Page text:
Cincinnati Landmark Productions is offering shows at both of its venues this month; neither is holiday per se, although the musical Rent (at the Warsaw Federal Incline Theatre in Price Hill through Dec. 20) begins and ends with Christmas, celebrating a year of the “seasons of love” experienced by a clutch of impoverished young artists in New York’s East Village. This is a high-quality production, a great choice for fans of contemporary Rock music. Rent is almost 20 years old, but it has stood the test of time, especially as performed by the Incline’s committed, diverse cast of excellent, energetic singers. Tyler Kuhlman as the depressed guitarist Roger has the looks and the vocal chops for the role, and Lisa Glover is a fine match as Mimi, the sexy club dancer and drug addict who makes a lot of bad choices. Kelcey Steele provides the necessary connective tissue as videographer Mark, and RJ Caldwell ably portrays Tom Collins, an anarchist professor and street activist with AIDS. But the production’s most memorable performances come from Aiden Sims as Maureen, the brassy performance artist, and especially charismatic Christopher Carter as the transgender drag queen Angel: His high-flying rendition of “Today 4 U” is a show-stopper. The ensemble shines when presenting of Rent’s iconic numbers, particularly “La Vie Bohème and “Seasons of Love.” This production is a bold choice for the new venue, seeking audiences in search of more ambitious, adult fare — there were empty seats on opening night. Rent offers strong evidence that the Incline is up to the challenge. I give this one a Critic’s Pick. … I was part of a very full house for Mary Poppins last Sunday (at the Covedale Center for the Performing Arts, also finished on Dec. 20); this production is clearly intended as holiday fare for families. I wish it were a bit more joyous. Mary (Alyssa Hostetler, who’s a fine singer) is a rather starchy character who’s not very loveable. The uptight Banks family she convinces to reconnect and have fun has an initially irritable dad (Dave Wilson, another excellent voice) and a mom who’s a budding feminist (Sarah Viola, who sings very well, too) — these aren’t characters that children can instantly love. Even the two Banks kids (Lili Shires and Peter Godsey, who work hard at being coy) are kind of obnoxious. The production felt long, with numerous labored scene changes. On the other hand, the audience had a great time — the songs (familiar from the 1964 movie) are beloved, and everyone seems to know them. That’s fun. Tickets: 513-241-6550
The touring production of Irving Berlin’s White Christmas wraps up its engagement on Sunday. It’s a fine cast of singers and dancers, a production full of familiar tunes that’s worth seeing if you have the scratch for seats at the Aronoff Center. Tickets: 513-621-2787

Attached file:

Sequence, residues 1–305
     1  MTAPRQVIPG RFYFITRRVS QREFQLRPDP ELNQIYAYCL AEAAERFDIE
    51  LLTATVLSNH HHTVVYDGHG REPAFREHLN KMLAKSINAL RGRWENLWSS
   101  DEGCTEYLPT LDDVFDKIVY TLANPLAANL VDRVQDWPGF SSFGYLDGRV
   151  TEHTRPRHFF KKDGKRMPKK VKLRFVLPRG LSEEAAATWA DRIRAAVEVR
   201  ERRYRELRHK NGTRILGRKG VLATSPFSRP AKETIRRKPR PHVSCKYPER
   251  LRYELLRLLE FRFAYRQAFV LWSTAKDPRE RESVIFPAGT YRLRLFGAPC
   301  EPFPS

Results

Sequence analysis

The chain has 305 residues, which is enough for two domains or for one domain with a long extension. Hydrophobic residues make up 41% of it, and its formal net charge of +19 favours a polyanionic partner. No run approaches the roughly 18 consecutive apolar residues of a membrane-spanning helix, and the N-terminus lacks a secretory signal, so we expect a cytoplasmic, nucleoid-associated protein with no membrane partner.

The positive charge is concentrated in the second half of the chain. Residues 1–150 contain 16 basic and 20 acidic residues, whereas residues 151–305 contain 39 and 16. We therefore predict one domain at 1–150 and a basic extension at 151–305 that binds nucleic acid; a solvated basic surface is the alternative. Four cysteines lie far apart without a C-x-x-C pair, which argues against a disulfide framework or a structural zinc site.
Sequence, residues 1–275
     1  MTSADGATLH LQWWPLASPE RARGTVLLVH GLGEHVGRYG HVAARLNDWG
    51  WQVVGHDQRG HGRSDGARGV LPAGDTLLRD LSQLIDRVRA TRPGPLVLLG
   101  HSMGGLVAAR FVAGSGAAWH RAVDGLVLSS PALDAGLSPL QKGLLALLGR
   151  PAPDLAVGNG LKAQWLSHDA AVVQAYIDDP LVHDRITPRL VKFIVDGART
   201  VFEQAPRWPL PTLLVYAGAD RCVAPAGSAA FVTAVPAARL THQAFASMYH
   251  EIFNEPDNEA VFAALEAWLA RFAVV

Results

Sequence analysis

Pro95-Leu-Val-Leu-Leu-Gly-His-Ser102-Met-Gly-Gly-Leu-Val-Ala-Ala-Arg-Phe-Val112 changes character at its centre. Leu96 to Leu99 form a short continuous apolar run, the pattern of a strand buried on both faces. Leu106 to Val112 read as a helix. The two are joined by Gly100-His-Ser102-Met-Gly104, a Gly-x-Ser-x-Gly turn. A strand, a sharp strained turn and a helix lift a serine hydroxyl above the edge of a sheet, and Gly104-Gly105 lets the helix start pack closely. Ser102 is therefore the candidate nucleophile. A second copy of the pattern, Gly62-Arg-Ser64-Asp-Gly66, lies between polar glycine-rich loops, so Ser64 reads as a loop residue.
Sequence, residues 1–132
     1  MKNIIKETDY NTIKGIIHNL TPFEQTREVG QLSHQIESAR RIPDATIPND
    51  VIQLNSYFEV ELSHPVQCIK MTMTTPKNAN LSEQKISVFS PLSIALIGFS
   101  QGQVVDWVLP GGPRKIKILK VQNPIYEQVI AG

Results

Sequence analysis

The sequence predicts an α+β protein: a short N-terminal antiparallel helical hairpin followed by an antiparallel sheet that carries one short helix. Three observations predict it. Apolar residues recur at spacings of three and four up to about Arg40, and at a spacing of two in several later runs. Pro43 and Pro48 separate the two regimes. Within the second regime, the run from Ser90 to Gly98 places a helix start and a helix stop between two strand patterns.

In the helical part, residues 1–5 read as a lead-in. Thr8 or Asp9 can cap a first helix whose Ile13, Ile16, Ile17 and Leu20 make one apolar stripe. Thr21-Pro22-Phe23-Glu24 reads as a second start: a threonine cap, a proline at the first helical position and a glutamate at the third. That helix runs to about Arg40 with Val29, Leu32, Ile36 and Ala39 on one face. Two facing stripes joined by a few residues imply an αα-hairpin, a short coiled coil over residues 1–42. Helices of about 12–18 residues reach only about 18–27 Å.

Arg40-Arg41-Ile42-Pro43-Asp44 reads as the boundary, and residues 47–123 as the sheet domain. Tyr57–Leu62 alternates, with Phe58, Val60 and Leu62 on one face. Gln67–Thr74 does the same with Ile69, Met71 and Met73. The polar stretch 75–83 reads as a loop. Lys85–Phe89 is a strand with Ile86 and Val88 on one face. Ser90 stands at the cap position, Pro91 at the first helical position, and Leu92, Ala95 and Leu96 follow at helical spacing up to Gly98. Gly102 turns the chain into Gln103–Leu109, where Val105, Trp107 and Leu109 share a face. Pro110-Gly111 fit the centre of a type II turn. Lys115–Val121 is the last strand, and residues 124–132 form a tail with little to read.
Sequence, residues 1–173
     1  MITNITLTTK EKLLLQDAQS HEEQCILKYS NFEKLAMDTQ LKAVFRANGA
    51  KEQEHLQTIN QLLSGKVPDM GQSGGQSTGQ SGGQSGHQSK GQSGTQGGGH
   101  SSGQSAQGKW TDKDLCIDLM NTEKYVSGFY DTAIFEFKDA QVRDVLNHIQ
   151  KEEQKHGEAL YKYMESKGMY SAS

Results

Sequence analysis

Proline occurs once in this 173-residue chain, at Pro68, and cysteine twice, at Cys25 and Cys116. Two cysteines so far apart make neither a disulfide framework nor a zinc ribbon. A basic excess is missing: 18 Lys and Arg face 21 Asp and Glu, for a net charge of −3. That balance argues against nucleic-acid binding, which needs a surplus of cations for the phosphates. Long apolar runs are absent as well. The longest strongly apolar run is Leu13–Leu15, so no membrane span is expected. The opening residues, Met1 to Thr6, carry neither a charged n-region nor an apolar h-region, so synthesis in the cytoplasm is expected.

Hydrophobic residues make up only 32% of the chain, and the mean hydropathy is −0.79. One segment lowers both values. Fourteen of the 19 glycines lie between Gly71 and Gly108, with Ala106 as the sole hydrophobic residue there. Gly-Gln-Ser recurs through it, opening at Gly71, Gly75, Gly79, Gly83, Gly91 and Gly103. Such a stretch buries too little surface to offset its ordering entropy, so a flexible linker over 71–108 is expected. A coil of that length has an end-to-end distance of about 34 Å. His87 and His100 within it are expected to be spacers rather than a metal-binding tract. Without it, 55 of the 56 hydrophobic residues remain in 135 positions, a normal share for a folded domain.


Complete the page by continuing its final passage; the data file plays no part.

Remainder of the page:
If you prefer something not holiday-oriented, Xavier University’s theater program is staging Kenneth Lonergan’s This Is Our Youth. It’s a three-character play from the 1990s (set in the early 1980s) about young people struggling with the transition to adulthood. Guest director Ed Stern, the Playhouse’s retired artistic director, told me it was a great opportunity to work with actors who are exactly the right age to play these roles. Read more from Stern in my recent Curtain Call column. Performances are this weekend only, including a Sunday matinee. Xavier Box Office: 513-745-3939
Rick Pender’s STAGE DOOR blog appears here every Friday. Find more theater reviews and feature stories here.
There looks to be another very artful Cincinnati-related movie, besides Carol, that is on important Best Films of 2015 lists, wins critics awards and even figures in Oscar nominations.
And it wouldn’t be Don Cheadle’s Miles Ahead, which like Carol was predominately filmed in Cincinnati but set in New York. Sony Classics isn’t planning to release that Miles Davis biopic, which Cheadle directed and stars in, until April.
Rather, this is a film that is set in Cincinnati but wasn’t shot here because it’s an animated feature for adults that uses stop-motion puppets.
It’s called Anomalisa and was written and co-directed by the always-adventurous Charlie Kaufman, who wrote Being John Malkovich and Adaptation and also wrote and directed Synecdoche, New York. (The co-director is Duke Johnson.) Anomalisa started life as a 2005 play called Hope Leaves the Theater.
I have not seen it, but going by online and print stories from those who have, it is the tale of a depressed, married motivational speaker who, on a trip to Cincinnati that features a one-night hotel stay, believes he has found his ideal mate. But there may be complications.
David Thewlis voices the lead character; Jennifer Jason Leigh is the woman he is attracted to. All other characters are voiced by Tom Noonan and have the same faces. That latter fact is important because it could be interpreted as a characteristic of a delusion called Fregoli Syndrome. In fact, the hotel in the film is named Fregoli.
Independently financed, partly through Kickstarter, Anomalisa has won raves since premiering at Telluride and Venice film festivals in September. Britain’s Sight & Sound, one of the world’s most important film journals, has just ranked it the 11th best new film of 2015 — Carol ranked second. And both it and Carol are Best Feature nominees for the Independent Spirit Awards.